Who is this advice for? 1.5 This advice is for:
• School leaders, school staff and governing bodies in all maintained schools and academies.
• Local authorities
• Academy trusts
Key points 1.6 To provide consistency in the information available to all schools in support of their handling of staffing and employment matters, the departments statutory Guidance on Managing Staff Employment in Schools has been withdrawn. Governors and headteachers of maintained schools, and local authorities no longer need to have regard to this guidance. Instead, we expect employers in all schools to make use of this new non-statutory guidance, and the sources of help it identifies, when carrying out staffing and employment duties.
1.7 It is important to note that the School Staffing (England) Regulations 2009 as amended and the Education (Independent School Standards) Regulations 2014 remain in force, and that schools should be aware of the responsibilities placed upon them to comply with applicable legislation within the regulations.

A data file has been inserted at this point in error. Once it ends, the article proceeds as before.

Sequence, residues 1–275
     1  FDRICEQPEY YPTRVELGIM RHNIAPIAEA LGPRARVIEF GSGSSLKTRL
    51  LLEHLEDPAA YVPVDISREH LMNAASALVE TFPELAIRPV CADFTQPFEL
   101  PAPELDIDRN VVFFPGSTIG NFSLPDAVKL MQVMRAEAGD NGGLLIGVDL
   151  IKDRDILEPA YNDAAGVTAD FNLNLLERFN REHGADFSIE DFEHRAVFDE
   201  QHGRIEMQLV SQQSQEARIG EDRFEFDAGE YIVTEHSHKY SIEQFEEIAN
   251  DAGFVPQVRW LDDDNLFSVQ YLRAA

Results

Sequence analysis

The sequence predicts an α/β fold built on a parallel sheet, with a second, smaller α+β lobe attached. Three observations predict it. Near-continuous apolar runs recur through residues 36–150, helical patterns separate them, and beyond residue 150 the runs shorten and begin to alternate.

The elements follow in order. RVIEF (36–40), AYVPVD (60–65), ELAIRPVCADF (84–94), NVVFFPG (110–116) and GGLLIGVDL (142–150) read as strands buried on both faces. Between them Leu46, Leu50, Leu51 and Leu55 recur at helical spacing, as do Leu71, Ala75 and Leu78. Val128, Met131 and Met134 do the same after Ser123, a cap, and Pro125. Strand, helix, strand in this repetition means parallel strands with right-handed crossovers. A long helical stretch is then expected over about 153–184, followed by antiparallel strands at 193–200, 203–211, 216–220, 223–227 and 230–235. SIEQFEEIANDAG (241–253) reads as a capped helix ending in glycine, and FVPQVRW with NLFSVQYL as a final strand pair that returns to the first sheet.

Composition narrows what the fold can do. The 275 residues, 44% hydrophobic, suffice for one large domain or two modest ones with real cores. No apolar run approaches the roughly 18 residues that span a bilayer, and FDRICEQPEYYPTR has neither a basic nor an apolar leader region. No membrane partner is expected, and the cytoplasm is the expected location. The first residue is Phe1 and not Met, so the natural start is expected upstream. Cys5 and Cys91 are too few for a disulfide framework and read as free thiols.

1.8 Where schools have chosen to use the services of an external HR provider it is important that they continue to be aware of the statutory responsibilities that still rest with the local authority, such as their entitlement to advise on the appointment of a new headteacher.
1.9 In fulfilling their staffing responsibilities the governing body of a maintained school is free to delegate all of its staffing functions as set out in the Regulations1 to the headteacher, one or more governors, a committee established by the governing body, or one or more governors together with the headteacher; with the exception of a small number of specific tasks set out in the Regulations.